Pet Care Facts – Did you know…?

Check our great pet care facts and tips below:

petcare ears fur crazy pet salonThe inside of your pet’s ears should be odorless and pink in color. The Fur Crazy staff carefully inspects every pet’s ears and will alert you to any apparent irritation or odor. We advise our customers to inspect their pet’s ears weekly at home.

Keeping the ears clean and healthy is a very important part of your pet’s overall well-being. In addition, many breeds grow excess fur in the ear canal. This is a perfect environment for bacteria growth that can cause infection and can be harmful to your pet. The professional removal of this fur should be performed about once per month. At Fur Crazy, we use special ear powder to help make this process more comfortable for your pet. We then use a mild ear solution to clean your pet’s ears.

Note: As a precaution, we gently place sterile cotton in your pet’s ears during the bath to minimize the amount of water seepage into the ear canal.

petcare nails fur crazy pet salonWhether or not your pet receives regular grooming services, it is imperative that they have their nails checked and, if needed, trimmed once a month. Taking your pet for long, daily walks on rough surfaces, such as concrete, also helps to keep their nails at a manageable, harmless length.

The trimming of your pet’s nails is extremely important and should never be overlooked or neglected. Unattended nails can cause the toes to “splay”, or spread, which can be very painful for your pet. In addition, some pets have “dew claws”, (the nails located higher up on the leg) which must be trimmed regularly or they will curl around and pierce the skin.

Most pets find the trimming of their nails to be a very unpleasant experience. At Fur Crazy, we take a very gentle approach to minimize their anxiety. In addition, we always keep a fresh supply of sharp nail clippers to minimize the pressure on the nail, making the process go more quickly and more importantly, pain free!

petcare fleas fur crazy pet salonIf your dog or cat is constantly scratching, he or she may have fleas. If your pet only has a couple, it may be very difficult to spot them. A pet with many fleas will have black and white specks on the skin. These specks are actually flea “dirt”. When exposed, by parting the hair, a flea may scurry away very quickly. Fleas not only make some pets very uncomfortable, they feed on their blood. This can result in a lethargic pet. Many pets are allergic to fleas and will chew themselves raw to the point where there is hair loss and blood, otherwise known as “hot spots”.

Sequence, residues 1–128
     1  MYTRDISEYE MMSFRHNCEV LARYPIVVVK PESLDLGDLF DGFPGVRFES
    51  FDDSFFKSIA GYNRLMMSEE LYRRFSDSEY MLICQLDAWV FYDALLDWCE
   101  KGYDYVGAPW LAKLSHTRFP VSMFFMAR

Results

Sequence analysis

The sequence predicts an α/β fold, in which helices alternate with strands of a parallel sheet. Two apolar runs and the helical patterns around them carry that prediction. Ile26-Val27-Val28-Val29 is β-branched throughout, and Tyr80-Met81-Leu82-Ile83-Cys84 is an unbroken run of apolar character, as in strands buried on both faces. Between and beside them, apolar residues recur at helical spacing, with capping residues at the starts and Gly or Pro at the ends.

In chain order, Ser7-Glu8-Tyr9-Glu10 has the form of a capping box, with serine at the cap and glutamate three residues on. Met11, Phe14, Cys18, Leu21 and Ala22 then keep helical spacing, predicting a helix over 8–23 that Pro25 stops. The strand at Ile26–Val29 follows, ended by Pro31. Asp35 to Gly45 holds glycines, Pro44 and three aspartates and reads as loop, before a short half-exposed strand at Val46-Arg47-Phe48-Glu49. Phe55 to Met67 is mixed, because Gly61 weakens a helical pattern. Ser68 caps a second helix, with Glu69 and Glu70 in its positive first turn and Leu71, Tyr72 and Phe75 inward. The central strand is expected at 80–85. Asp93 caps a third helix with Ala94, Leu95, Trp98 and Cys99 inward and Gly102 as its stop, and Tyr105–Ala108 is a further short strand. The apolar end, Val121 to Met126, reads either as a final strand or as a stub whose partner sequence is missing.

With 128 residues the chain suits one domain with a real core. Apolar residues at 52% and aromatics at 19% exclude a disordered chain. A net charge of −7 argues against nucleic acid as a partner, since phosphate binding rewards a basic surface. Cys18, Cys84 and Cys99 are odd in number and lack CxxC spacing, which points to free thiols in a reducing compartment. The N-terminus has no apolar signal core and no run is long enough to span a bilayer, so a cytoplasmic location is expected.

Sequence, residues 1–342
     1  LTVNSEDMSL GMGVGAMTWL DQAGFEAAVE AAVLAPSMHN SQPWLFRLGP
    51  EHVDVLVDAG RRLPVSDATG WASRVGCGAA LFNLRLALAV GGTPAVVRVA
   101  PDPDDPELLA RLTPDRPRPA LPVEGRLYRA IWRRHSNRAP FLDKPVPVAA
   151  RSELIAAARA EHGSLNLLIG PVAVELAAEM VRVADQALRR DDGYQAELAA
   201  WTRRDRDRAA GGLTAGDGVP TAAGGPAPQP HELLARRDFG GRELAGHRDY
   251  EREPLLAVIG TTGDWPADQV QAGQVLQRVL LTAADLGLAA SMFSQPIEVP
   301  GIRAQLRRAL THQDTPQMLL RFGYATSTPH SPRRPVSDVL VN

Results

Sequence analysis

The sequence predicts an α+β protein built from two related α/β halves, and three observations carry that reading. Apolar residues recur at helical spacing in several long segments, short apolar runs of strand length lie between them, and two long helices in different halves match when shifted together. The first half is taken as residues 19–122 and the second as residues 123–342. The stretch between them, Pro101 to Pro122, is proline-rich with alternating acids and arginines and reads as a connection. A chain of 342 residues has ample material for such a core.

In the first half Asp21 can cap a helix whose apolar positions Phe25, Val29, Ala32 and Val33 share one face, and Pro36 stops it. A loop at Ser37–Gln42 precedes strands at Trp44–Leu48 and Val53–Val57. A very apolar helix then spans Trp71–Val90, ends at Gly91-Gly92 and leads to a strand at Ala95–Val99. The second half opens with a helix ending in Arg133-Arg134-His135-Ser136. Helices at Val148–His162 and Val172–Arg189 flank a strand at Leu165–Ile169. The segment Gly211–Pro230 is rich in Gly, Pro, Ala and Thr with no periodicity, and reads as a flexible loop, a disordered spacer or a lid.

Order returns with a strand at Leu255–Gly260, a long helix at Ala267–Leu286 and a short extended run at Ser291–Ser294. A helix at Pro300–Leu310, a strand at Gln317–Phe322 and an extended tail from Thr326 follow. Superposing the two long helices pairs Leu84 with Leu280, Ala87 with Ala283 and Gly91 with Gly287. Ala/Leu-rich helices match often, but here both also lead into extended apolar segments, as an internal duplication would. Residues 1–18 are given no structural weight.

Ticks are usually stationary while they feed on your pet’s blood. They feed until engorged and then drop off to lay eggs. It is best to try to eliminate a tick problem as soon as a tick is spotted because they lay an enormous amount of eggs and will infest an area quite quickly. If your pet has ticks, the Fur Crazy staff will remove them to prevent the problem from getting worse.

In order to ensure your pet’s general health has not been compromised, we recommend a veterinary examination for pets that are infested with fleas or ticks. For a safer alternative to traditional flea and tick prevention, see the article below!

by Dr. Russell Swift, DVM, HMC

As a veterinarian in South Florida, I have see more than my share of flea problems. I am very often asked what can be done naturally to eliminate them. What I am about to tell you will probably come as a shock. HEALTHY PETS DO NOT HAVE PROBLEMS WITH FLEAS. Notice I said “do not have problems with ” not “do not have any”. Fleas have co-existed with their hosts for thousands of years. In nature, an animal such as a wolf can have some fleas without a problem. If an animal is not optimally healthy, it’s immune system is more likely to react improperly to the flea’s bite and produce symptoms of itching, eruptions, etc. The “flea allergy” is an abnormal response of the body to the flea. It has nothing to do with the flea, itself. Otherwise, every animal bitten by the same flea would have a similar reaction and that simply does not happen. I also find that healthy pets only attract a few fleas. What this all means is that if your pet has a lot of fleas or is oversensitive to them, there is a problem within the pet. The flea is just a symptom. Think about this. A pet has too many fleas or is “allergic”. This means that it is not as healthy as it should be. How do we treat this problem? Spray, bathe, dip, apply or give internally PESTICIDES. Does this make any sense? Administering poison to an animal to make it healthier? While this will often eliminate the symptom, it does nothing for the deeper health problem the pet has.
What are the alternatives? First of all, we need to recognize that a deeper problem exists. Once we have done that, we can begin to strengthen the pet’s system. We start by feeding a natural diet. I have had many clients tell me that after switching to a natural diet that their flea problems disappeared without any other intervention. If diet isn’t enough, homeopathy, Chinese medicine and other treatments can resolve the problem.